NISKAYUNA, N.Y. EM recently marked a notable milestone at the Separations Process Research Unit (SPRU) when workers removed the last of seven large waste storage tanks from a vault and shipped it to an offsite low-level radioactive waste disposal facility.
The tanks were used to contain radioactive wastes from SPRU in the 1950s. They had sat empty after their contents were disposed off-site in the 1960s.
The recent achievement culminated months of preparation, including expert rigging to remove the tanks from the vault, where they had been housed for the past 60 years.
“This is a major milestone in the cleanup of the SPRU project. Our employees deserve great credit in completing this work safely, which sets the stage for project completion,” said Bob Smith, project manager for AECOM, which owns URS, EM’s contractor for the SPRU cleanup.
EM is responsible for the decontamination, demolition, and cleanup of SPRU, a 65-year-old Cold War facility. A pilot plant used for researching the separation of plutonium from irradiated uranium, SPRU operated between February 1950 and October 1953. It is collocated with Knolls Atomic Power Laboratory, which is part of the network of DOE's national laboratories.
Workers prepare the last of seven waste storage tanks from a tank vault for shipment to an offsite disposal facility.
The tank is prepared for transport to the disposal facility.
The closed shipping container holding the tank is ready for shipment to the out-of-state disposal facility.
EM Marks Milestone At
Separations Process Research Unit
The Separations Process Research Unit (SPRU) is an inactive facility located at the Knolls Atomic Power Laboratory (KAPL) in Niskayuna, New York. KAPL was created as a general-purpose laboratory for the former U.S. Atomic Energy Commission (a predecessor agency to DOE). Built in the late 1940s, the buildings supported the SPRU mission to research the chemical process to extract plutonium from irradiated materials. Although equipment was flushed and drained, and bulk waste was removed following the shutdown of the facilities in 1953, residual materials were left in the tanks, buildings H2 and G2, and interconnecting pipe tunnels. In 2010, cleanup of radioactivity and chemical contamination in the SPRU Lower Level Railroad Staging Area, Lower Level Parking Lot and SPRU North Field areas was completed. The KAPL site presently conducts research and provides support for the U.S. Navy's Nuclear Propulsion Program.
Currently, decontamination and decommissioning (D&D) of the following is taking place: the remaining two contaminated buildings (G2 and H2 buildings), remaining inactive waste storage tanks located within H2 tank vaults, a pipe tunnel between G2 and H2, and associated contaminated soil. By March, 2013, tent enclosures and ventilation systems using High Efficiency Particulate Air filters were constructed around the G2 and the H2 buildings. Performing D&D work within the enclosures with the ventilation systems provides an added measure of protection to human health and the environment. DOE's contractor is taking a methodical, deliberate approach in completing the remaining work. The contractor estimates field work completion in late 2016.
Research Unit (SPRU) Disposition Project
Removes High-Risk Radioactive Waste, Reaches Safety Milestone
Niskayuna NY (February 27, 2014) - The Separations Process Research Unit (SPRU) Disposition Project completed a significant waste-treatment campaign today that involved the solidification of approximately 9,700 gallons of contaminated sludge, and 14 shipments of the waste off-site for permanent disposal. The shipment of this material removed the majority of the radioactivity at the SPRU facilities. The Department of Energy’s Office of Environmental Management (EM) is responsible for the decontamination, demolition, and cleanup of the 65-year-old Cold War facility, with work being performed under contract with DOE by the URS Corporation. SPRU is collocated with DOE’s Knolls Atomic Power Laboratory in Niskayuna, NY.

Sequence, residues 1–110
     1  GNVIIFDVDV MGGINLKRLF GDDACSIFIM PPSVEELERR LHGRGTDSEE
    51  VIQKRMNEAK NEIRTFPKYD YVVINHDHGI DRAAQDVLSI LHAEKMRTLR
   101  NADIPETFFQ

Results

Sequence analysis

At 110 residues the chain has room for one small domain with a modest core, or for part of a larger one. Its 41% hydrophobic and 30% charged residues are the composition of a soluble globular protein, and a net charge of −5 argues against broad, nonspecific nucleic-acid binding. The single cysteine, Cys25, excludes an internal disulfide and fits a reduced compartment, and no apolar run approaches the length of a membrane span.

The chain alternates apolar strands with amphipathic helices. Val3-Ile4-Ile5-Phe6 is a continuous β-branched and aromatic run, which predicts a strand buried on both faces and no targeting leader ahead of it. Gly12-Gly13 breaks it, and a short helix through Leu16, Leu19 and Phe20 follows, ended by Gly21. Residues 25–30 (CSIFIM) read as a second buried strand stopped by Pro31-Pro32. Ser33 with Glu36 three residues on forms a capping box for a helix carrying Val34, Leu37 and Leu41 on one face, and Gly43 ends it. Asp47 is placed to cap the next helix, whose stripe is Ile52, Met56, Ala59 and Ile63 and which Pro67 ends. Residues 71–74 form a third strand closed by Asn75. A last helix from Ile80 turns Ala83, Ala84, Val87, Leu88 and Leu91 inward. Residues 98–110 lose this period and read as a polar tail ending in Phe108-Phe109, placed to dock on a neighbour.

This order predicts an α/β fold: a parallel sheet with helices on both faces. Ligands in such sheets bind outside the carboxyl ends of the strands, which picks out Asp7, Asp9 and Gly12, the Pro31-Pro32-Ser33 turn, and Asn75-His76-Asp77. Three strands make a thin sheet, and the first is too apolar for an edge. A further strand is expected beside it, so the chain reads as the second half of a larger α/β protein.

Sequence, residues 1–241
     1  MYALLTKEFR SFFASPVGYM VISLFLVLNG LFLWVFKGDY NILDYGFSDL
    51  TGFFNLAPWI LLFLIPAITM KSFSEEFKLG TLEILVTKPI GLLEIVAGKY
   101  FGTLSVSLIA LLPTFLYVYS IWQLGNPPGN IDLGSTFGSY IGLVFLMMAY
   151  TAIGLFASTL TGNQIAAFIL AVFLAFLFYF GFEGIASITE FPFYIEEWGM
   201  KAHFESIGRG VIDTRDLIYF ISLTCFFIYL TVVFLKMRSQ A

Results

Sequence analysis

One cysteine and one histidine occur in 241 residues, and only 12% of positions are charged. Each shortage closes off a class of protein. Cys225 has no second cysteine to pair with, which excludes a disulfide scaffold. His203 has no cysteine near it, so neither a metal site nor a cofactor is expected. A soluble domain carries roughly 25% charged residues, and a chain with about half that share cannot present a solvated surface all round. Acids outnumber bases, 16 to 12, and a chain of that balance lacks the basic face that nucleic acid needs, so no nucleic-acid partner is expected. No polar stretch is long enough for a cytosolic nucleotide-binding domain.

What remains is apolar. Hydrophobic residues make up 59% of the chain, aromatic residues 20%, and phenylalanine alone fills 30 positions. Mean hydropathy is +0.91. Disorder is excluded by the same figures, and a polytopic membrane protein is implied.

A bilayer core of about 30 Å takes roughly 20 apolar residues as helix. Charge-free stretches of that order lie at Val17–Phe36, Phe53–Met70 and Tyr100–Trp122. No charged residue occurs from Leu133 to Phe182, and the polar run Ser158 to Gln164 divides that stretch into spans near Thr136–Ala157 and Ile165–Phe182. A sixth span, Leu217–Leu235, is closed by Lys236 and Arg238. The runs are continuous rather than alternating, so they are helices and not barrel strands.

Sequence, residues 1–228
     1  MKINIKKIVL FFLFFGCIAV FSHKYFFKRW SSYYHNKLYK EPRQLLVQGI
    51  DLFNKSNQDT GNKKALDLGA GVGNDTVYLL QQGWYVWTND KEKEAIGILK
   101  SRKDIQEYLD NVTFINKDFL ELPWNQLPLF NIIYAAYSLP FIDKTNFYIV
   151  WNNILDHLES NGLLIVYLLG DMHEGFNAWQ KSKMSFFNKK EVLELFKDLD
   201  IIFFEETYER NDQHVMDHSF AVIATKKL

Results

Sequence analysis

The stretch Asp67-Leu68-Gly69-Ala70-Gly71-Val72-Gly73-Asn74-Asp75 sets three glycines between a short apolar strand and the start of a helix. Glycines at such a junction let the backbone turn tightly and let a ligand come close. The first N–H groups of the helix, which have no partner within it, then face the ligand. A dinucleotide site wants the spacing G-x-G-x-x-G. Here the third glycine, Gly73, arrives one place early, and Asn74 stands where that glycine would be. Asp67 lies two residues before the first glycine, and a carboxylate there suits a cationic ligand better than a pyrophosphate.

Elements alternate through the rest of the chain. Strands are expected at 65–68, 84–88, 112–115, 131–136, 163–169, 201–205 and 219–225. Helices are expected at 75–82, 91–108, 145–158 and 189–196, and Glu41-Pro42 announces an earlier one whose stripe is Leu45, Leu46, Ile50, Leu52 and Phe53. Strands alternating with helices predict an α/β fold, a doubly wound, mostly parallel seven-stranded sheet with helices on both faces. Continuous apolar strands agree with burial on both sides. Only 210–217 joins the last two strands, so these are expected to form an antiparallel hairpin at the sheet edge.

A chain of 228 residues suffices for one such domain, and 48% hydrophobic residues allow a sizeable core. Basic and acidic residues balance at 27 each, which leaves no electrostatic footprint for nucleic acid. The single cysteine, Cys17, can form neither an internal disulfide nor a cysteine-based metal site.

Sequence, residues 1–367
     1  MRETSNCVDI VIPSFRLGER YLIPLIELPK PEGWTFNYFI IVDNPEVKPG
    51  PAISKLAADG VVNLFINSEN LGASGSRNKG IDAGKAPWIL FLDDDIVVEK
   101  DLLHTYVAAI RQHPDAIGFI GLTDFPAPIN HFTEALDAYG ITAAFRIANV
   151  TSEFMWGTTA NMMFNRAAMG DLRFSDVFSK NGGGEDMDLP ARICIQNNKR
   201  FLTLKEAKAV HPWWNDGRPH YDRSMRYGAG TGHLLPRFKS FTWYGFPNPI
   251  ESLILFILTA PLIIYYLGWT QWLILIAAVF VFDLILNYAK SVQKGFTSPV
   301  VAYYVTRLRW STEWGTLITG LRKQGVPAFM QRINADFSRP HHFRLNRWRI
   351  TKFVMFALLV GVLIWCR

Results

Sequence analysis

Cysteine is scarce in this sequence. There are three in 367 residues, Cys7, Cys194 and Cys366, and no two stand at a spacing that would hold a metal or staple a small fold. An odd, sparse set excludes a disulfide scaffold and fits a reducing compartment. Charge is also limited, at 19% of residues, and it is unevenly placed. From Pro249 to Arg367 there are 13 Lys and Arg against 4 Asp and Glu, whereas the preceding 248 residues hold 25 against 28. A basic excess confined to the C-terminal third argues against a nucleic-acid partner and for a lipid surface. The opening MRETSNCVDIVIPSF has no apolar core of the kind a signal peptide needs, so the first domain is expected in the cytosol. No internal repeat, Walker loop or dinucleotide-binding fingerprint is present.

"The radioactive sludge constituted one of the highest risks at SPRU," said Steven Feinberg, the EM manager of the project. "The successful solidification of the sludge marks major progress in our environmental cleanup project, and enables us to put our full attention on moving ahead with the active decontamination and demolition of unused buildings at the site."
The sludge resulted from historic research into the chemical separation of plutonium, which was shut down in the early 1950s. The solidified sludge, in 28 shielded liners, is being disposed at a licensed, commercial low-level radioactive waste disposal facility in Andrews, TX, which is owned and operated by Waste Control Specialists, LLC.
In addition to successfully completing the sludge solidification project, the SPRU Disposition Project achieved more than 2 ¾ years and more than 1.1 million safe work hours without a lost-time accident or injury. "This record was accomplished while overcoming numerous obstacles associated with the high-hazard construction, decontamination and demolition work at the site," noted Bobby Smith, Project Manager for URS at SPRU. "That included working at heights to construct the Sludge Processing Tent, install ventilation and sludge system components, decommission the old sludge processing system, and safely operate the waste solidification system."
On March 31, 2009 Energy Secretary Steven Chu announced $6 billion in new funding under the American Recovery and Reinvestment Act to accelerate environmental cleanup work and create thousands of jobs across 12 states. Projects identified for funding will focus on accelerating cleanup of soil and groundwater, transportation and disposal of waste, and cleaning and demolishing former weapons complex facilities.
Please visit the following web sites for additional information on the Office of Environmental Managementís projects and the American Recovery and Reinvestment Act: